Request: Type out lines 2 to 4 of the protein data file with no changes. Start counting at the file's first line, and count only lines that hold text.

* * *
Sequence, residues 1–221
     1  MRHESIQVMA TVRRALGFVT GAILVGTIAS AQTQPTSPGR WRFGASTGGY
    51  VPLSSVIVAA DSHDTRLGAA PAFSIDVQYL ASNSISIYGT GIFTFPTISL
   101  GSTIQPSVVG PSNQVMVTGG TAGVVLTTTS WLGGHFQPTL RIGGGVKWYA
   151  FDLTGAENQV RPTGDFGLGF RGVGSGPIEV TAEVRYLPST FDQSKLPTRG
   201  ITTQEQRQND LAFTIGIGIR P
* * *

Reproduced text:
     1  MRHESIQVMA TVRRALGFVT GAILVGTIAS AQTQPTSPGR WRFGASTGGY
    51  VPLSSVIVAA DSHDTRLGAA PAFSIDVQYL ASNSISIYGT GIFTFPTISL
   101  GSTIQPSVVG PSNQVMVTGG TAGVVLTTTS WLGGHFQPTL RIGGGVKWYA